Next, click the Cursors page, which is initially empty. Under the list box, choose the New button to create a new CursorAdapter class with the CursorAdapter Builder. Initially, you will see the Properties page, providing options for choosing the name of the class and the alias of the cursor created by the class.

Be sure to provide an alias that differs from the table name to avoid confusion with the base table. In this case, use caCustomer as the class name and cCustomer as the alias. You should also check the "Use DataEnvironment data source" option since you want this class to use the same data source as the data environment. Note that you could have a different data source for the CursorAdapter, allowing you to mix data sources between different classes (such as using ODBC for one class and XML for another).

To specify how the CursorAdapter will retrieve data from the source, use the Data Access page of the builder. Click the Build button to activate a command builder dialog, where you can select the field(s) of interest for your cursor. For this example, select the Customers table from the Table drop down list, and then select the "Customers.*" option in the list box below. Click the single right-facing arrow to move the selection, and then press OK. This will build the following select command for you:

   select CUSTOMERS.* from CUSTOMERS

If you wish to add filters, joins, or other clauses to the query, you can type them directly into this edit box. However, if you wish to parameterize the query, there are several options, covered later in this article. For now, let's add a WHERE clause so that it looks like the following:

   select CUSTOMERS.* from CUSTOMERS where 
   companyname like 'C%'

This will make it easy to tell the difference between the base table and the resultant cursor, since only a few records match this Where clause.

The schema has been built for you in the second edit box. It is usually best to take a minute and verify that the schema matches your expectations before proceeding. The data fetching properties at the bottom of this page relate mostly to how the class deals with remote data fetches, and do not apply when using VFP as a data source. We'll leave these at their defaults and cover them in more detail later.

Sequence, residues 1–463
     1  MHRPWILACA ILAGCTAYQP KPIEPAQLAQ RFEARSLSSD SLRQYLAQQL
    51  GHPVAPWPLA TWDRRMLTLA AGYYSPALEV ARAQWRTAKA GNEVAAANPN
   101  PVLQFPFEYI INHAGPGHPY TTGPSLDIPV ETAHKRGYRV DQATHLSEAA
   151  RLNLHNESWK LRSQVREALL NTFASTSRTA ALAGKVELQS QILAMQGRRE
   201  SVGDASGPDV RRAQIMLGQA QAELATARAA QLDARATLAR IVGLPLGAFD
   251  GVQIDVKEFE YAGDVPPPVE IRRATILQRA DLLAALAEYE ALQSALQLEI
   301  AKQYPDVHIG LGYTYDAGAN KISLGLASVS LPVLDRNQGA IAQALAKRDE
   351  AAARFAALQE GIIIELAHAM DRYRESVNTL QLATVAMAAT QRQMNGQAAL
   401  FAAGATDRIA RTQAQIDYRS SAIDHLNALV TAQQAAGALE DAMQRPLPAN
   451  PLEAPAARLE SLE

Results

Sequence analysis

Near the bottom of the data access page is the buffer mode override setting, which allows you to override any associated form's buffer mode setting. Generally, you want to use the optimistic table buffering mode unless you have a specific reason to use the row buffering mode. Set this to Optimistic Table Buffering for this example.

Finally, the "Break on error" setting at the bottom of the page controls how errors are handled by the CursorAdapter class. The default setting specifies that the class will trap its own errors and allow you to capture them with the AERROR function. Enabling this setting will cause a VFP error to occur whenever any problems occur within the CursorAdapter class. This means that you will need to use the ON ERROR command or Error event of the class to trap unhandled exceptions. Generally, you will want to leave this setting off so that your code can quietly handle any exceptions that may occur.

The final page (labeled "Auto Update") configures how changes are applied to the base table(s) of the class. For the most basic updates, choose the "Auto-update" and "Update all fields" checkboxes. This will direct the CursorAdapter class to automatically build the appropriate Update, Insert or Delete statements for any changes that are made to the data in the cursor. However, you must still choose the primary key field(s) for the cursor, so that these statements know how to uniquely identify the base table records. For this example, the CustomerID field is the primary key, so check the box in the column under the key.

For the time being, leave all of the other settings at their defaults. These settings are explored later on in this article. To finalize your selections in the CursorAdapter builder, click the OK button to return to the DataEnvironment builder.

At this point, you should see the caCustomer class listed on the left, and details on the right. If you decide to make modifications to this class, you can return to the DataEnvironment builder at any time, select the desired CursorAdapter class, and click the Builder button.

Thanks for your registration, follow us on our social networks to keep up-to-date